Amateur historians had been searching for months for the relic – a six-wheel, two-ton amphibious DUKW vehicle that sank during a storm on Lake Garda on the night of April 30, 1945 – but were only able to confirm their find on Monday.
The DUKW, pronounced “duck,” was carrying supplies and ammunition to an American military camp near the town of Torbole, at the northern tip of the lake, but sank as a result of gale force winds that were battering the area that night.
The truck was carrying 24 US soldiers aged between 18 and 25 from the 10th Mountain Division, only one of whom survived the accident. The men who died were from the division's 605th Field Artillery Battalion, as well as a driver from the Quartermaster Corps.
Days before armistice
The sinking happened just days before the end of fighting in Europe and the armistice with the Germans, on May 8, 1945.
“It was the biggest disaster to happen in modern times on Lake Garda,” said Mauro Fusato, the leader of the team that found the DUKW.
The wreck of the vehicle was found with sonar lying at a depth of 905 feet – one reason why it had not been located before.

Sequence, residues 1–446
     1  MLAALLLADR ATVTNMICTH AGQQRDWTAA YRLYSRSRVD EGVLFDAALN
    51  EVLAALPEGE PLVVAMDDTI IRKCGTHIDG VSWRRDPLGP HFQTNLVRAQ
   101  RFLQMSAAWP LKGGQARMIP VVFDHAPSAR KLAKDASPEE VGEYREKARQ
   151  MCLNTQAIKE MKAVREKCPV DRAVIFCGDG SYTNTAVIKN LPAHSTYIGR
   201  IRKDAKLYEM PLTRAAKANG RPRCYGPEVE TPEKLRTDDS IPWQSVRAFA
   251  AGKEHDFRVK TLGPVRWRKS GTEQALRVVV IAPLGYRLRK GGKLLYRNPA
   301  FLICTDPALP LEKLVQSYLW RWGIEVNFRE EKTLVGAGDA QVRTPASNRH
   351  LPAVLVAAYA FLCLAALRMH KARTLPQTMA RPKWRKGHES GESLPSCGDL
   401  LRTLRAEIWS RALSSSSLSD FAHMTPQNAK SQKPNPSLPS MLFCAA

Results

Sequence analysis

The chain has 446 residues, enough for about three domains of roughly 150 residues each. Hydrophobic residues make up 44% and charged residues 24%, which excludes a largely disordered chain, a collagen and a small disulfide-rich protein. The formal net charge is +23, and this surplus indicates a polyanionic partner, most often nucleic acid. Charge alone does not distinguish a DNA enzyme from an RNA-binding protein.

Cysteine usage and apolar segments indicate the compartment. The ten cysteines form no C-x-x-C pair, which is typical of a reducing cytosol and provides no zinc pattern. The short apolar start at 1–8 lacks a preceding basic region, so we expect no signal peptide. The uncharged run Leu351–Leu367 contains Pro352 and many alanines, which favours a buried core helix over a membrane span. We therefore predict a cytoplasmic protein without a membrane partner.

“On Sunday, the sonar gave us an initial image, but it wasn’t clear enough to be able to say for sure that it was the DUKW,” Mr. Fusato told Ansa, an Italian news agency.
“On Monday, though, we used a remote-controlled camera and we saw it. It is intact and sitting upright.”
The next step is to try to identify any human remains that may still be lying around the wreck, as well as military equipment, insignia, and personal possessions. “There are lots of objects around it, which could be the skeletons or remains of the soldiers who drowned,” said Fusato.
Any operation to recover them would be highly complex and technically challenging, however. The wreck lies too deep for divers, and there are old fishing nets and other debris on the lake bed that could snag underwater subs. Ultimately it will be up to the US government to decide whether to proceed with a recovery, the researchers said, adding that they had informed American diplomats of the discovery.